Chittenden Locks in Ballard schedules October-November closings

Published Oct. 23, 2013

The Hiram M. Chittenden Locks in Ballard will close to much or all marine traffic at various times Oct. 31, Nov. 1 and Nov. 5-20.

Vessel operators should pay close attention to times, vessel-size restrictions and impacts caused by railroad bridge maintenance.

On Oct. 31 and Nov. 1, U.S. Navy divers are scheduled to prepare the Adult Salmon Exclusion Structure for normal winter operations. The locks will have a full closure (both locks) from 7:30 a.m.-1:30 p.m. Oct. 31, and a large lock only closure from 8-11 a.m. Nov. 1.

The large lock at the Hiram M. Chittenden Locks in Ballard is scheduled to close to all marine traffic from 9 a.m., Nov. 5, to 5 p.m., Nov. 20, for annual maintenance. The small lock will still be available for vessels less than 115 feet in length and 26 feet in width throughout the large lock maintenance period. Please note, however, that in conjunction with the Lock closure, BNSF Railway will make structural upgrades to the Ballard railroad bridge which crosses Lake Washington Ship Canal west of the Locks. High mast vessels able to use the small lock will not be able to pass the bridge during the four BNSF Railway closures from 9 a.m. to midnight, Nov. 5, 7, 12 and 14.

The scheduled repairs to the large lock are part of an annual general maintenance program. 

The Adult Salmon Exclusion Structure, immediately upstream of the locks, prevents salmon from entering the locks’ saltwater return intake in late spring. Navy divers from Naval Base Kitsap close 10, 10-foot-by-6-foot doors and inspect the 30-by-60 foot curved-front, mesh screen structure. The Navy regularly supports the U.S. Army Corps of Engineers with this procedure before salmon migration season begins mid-June. Now in autumn, divers will open the Adult Salmon Exclusion Structure until next spring.

Prior to installation of the large screen structure in 2008, adult salmon sometimes entered a diffuser well beneath the fish ladder. The well does not have an exit and entering it led to salmon migration delay, injury or death. The saltwater drain structure improves viability of salmon using the fish ladder returning upstream to spawning grounds.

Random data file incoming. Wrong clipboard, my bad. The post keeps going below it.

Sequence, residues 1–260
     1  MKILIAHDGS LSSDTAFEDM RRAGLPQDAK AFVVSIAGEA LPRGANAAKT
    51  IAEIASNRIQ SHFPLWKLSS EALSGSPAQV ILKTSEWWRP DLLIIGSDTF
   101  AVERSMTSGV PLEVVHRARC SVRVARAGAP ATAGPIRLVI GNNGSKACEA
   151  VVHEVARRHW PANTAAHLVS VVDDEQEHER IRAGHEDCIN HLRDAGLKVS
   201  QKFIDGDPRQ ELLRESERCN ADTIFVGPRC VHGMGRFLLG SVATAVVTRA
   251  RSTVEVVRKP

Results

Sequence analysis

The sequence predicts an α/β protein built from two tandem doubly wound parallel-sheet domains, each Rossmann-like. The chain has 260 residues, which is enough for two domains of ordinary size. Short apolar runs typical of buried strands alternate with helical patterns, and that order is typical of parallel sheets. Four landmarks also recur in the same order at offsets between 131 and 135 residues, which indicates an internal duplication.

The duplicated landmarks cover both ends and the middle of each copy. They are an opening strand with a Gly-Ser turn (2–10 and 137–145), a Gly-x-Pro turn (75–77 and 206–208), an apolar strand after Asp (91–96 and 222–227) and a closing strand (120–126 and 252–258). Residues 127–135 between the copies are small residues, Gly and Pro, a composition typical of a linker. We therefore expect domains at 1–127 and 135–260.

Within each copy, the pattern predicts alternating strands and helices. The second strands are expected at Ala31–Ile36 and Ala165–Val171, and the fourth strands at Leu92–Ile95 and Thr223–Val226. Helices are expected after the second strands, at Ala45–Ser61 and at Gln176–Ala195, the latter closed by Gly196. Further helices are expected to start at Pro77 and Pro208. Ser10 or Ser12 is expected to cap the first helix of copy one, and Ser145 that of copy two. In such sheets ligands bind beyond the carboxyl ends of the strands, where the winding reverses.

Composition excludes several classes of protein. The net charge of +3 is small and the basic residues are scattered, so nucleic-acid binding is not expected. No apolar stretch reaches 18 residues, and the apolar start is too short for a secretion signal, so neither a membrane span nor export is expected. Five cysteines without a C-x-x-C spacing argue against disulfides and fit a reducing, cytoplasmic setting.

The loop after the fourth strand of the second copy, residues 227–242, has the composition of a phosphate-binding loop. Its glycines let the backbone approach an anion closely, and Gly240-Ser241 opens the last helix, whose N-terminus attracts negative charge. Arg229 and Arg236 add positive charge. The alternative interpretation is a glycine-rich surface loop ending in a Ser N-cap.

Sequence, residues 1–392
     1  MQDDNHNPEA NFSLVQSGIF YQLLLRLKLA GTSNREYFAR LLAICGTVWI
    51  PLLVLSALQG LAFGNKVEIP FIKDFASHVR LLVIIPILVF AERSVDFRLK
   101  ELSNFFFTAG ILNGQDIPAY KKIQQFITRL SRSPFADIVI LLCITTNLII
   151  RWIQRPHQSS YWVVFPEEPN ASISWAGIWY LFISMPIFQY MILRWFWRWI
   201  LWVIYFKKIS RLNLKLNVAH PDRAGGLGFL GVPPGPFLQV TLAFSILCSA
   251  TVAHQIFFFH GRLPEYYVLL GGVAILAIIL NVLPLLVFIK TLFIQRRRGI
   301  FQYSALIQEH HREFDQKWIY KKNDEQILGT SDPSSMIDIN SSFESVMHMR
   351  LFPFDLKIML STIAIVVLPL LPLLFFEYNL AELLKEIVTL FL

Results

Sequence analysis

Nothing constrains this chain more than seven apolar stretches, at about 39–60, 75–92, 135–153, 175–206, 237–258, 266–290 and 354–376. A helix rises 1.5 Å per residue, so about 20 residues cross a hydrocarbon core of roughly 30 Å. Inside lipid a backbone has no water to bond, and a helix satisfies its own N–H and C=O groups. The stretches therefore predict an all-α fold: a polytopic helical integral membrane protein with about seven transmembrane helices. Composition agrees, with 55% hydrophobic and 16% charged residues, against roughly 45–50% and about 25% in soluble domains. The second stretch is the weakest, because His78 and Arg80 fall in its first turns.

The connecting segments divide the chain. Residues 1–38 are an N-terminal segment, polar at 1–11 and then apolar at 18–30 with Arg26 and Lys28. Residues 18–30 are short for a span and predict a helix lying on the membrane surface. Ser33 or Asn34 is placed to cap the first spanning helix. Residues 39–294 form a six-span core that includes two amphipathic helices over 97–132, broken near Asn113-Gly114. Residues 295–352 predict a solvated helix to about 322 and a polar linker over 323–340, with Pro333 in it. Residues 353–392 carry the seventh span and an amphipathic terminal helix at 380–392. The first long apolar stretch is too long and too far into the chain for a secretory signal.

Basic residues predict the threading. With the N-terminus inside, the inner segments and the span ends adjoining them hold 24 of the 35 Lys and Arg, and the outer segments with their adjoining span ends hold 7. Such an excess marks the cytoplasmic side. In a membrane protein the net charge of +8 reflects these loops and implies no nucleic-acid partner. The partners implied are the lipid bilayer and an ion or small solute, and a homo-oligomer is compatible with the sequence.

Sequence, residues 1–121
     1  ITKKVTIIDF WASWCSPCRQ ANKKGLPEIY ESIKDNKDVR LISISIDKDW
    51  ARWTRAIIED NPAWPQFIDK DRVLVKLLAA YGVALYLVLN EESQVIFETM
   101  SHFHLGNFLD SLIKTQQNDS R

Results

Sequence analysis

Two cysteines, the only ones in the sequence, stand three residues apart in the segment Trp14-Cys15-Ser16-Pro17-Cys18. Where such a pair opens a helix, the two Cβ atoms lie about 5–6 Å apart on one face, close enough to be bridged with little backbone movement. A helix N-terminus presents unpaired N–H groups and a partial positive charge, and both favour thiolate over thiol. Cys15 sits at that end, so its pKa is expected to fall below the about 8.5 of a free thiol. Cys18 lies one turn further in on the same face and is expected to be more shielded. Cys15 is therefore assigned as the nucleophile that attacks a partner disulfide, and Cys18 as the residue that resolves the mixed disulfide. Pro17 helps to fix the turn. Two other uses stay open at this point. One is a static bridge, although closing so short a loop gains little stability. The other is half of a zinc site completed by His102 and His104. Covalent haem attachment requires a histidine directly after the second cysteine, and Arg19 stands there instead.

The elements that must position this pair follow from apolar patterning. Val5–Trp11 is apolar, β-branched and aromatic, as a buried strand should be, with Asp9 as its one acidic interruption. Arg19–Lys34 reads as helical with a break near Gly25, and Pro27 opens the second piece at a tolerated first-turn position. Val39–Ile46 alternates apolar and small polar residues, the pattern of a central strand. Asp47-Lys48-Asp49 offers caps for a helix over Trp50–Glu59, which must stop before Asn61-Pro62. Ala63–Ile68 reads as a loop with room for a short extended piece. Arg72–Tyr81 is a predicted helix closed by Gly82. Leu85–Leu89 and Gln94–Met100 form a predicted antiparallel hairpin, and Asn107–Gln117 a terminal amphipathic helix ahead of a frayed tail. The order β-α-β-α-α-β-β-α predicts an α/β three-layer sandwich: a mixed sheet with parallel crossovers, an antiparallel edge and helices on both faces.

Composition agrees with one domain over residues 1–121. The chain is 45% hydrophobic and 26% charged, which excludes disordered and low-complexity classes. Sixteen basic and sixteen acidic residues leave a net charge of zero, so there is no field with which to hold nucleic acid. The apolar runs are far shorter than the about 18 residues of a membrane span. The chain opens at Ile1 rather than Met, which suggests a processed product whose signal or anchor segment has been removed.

The inspections require Lock closure to all but emergency vessels on emergency calls. The staff will complete work as quickly and safely as possible. Monthly inspection closures will be posted at least a week prior on the Seattle District’s public web site at and on the Locks on Facebook and Twitter sites at and

The Chittenden Locks fish ladder was one of the first in the nation. Former Seattle District Engineer Maj. Hiram M. Chittenden understood salmon’s importance to the Pacific Northwest ecosystem and incorporated a fish ladder in the Locks early 1900s design. In 1976, Corps officials renovated and improved the ladder to reflect changes in fish conservation. Led by Corps Fish Biologist Dr. Scott Pozarycki, the Locks are still the focus of studies detailing migrating juvenile and adult salmon and other species.

More than 60,000 vessels safely transit the Locks each year between Lake Washington and Salmon Bay in Seattle’s Ballard neighborhood. For current information about activities at the Locks, visit the Locks’ Web site at or follow the Locks on Facebook and Twitter: and
Dave Harris

Release no. 13-054